The linguine I had was perfectly cooked with fresh, split cherry tomatoes and topped with jumbo prawns, juicy mussels, clams, and calamari. The fish was so fresh I was convinced I could taste the same salt that rubbed off of the fisherman’s fingers hours earlier. After the rustic combination was tossed together, it was all wrapped in tin foil and quickly baked in the oven before they brought it out. We finished off the meal with some limoncello – a local liqueur made from lemons – and sweet figs.
After lunch we continued on to Sorrento where we had just over an hour to walk through its intimate alleyways. Of all the cities we visited, Sorrento was my favourite but not for any obvious reason. It might have been the fresh colours of the buildings, or the apartment windows so close from the ones across that you shake your neighbour’s hand. It could have been the ordinarily nauseating affection displayed by every single couple there, always holding hands when they visited flower shops and pasta stores or while they sat on stone ledges watching people go by. But, I think it was more than that. The place had a very distinct feeling – one that those people holding hands and sipping espressos seemed to be able feel too. There was something almost mystical about the teensy patios that lined the alleyways; something welcoming about the occasional undershirt hanging from a balcony. The warmth and mystery radiating from every street corner made it feel like a dream town, one so many of us would run away to if we had the courage or the excuse.
After our short time there, we dragged ourselves back to the minivan, exhausted. Adriano still had as much energy as ever. Aidan passed out in the very back while the three of us sat up listening to our guide. He didn’t stop talking once for the entire hour and a half back to Naples and he wasn’t the type to hold much back. We talked about his past clients and past jobs; about his time as a sous chef at a restaurant in Paris, a spaghetti food fight on Christmas day and an impromptu soccer game with a ball of tin foil. Then, there were all the almost-off-side jokes about his dead mother-in-law and the way he insisted that every word he spoke was the truth (even the things about his mother-in-law). We talked about religion, politics, crime, corruption, food, war, money and family. We laughed at fat men on scooters and shook our heads in disappointment at the graffiti labelling the pieces of history in Naples. There was something very authentic about him. He was having fun telling these same stories he told every day, if only because he knew they were new to us. By the end of the day, he was more of a friend than a tour guide.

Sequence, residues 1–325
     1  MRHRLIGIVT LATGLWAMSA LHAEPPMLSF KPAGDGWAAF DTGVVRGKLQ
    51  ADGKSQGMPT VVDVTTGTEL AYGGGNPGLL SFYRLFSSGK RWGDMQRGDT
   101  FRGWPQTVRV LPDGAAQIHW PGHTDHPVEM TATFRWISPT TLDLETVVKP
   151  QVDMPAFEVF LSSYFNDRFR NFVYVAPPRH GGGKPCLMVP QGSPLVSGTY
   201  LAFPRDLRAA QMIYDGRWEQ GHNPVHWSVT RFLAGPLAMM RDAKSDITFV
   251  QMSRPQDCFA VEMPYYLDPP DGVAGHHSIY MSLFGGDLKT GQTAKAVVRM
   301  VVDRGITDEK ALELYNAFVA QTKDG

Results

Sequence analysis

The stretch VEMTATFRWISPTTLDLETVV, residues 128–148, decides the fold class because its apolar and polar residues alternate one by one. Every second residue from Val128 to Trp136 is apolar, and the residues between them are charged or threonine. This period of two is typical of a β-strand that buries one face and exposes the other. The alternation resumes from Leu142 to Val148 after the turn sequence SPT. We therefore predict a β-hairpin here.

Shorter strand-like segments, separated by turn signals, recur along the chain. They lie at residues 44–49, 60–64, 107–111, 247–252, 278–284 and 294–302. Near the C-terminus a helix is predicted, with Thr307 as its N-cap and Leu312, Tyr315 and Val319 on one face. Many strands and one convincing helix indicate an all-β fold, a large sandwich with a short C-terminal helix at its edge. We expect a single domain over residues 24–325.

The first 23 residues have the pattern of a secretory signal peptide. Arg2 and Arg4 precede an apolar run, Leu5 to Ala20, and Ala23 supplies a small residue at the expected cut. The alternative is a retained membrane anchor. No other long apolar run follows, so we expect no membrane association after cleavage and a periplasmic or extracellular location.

Our tour finished early so Adriano took us through the actual city of Naples which we never planned to see. That was where the day ended on a sombre note.
“You see this column to the left?” For the first time that day, Adriano’s tone dropped off, almost to a whisper.
He told us a story about a young man named Salvo D’Acquisto, a 22-year-old who took responsibility for an accidental explosion that destroyed a German jeep during the Second World War. After what the Germans believed to be a deliberate act of resistance, they threatened to shoot 22 civilians if the bomber didn’t come forward. After being thrashed, insulted and forced to dig their own graves, D’Acquisto demanded the other 22 be set free, saying that it was he alone who blew up the jeep. He was then executed by firing squad. We were standing in front of one of the many memorials in the city commemorating that heroic act.
Being beaten from the early morning and the walks in the heat, that story hit like a fist to the gut. We didn’t have much to say after that. As the day wound down, he drove us back to the port where we said our goodbyes.
While our ship floated out of port, I walked out onto my balcony to look back on the same landscape I saw that morning. Everything was still so inviting yet so much more familiar. As I sat down to scribble in my book, hundreds of seagulls circled the ship, diving up and down and floating motionlessly against the wind. All of them were free to turn back to the fading shore.
While I was sitting there, I looked at the birds and wondered what it would be like to be back on that dock, watching the ship drift into the dusk.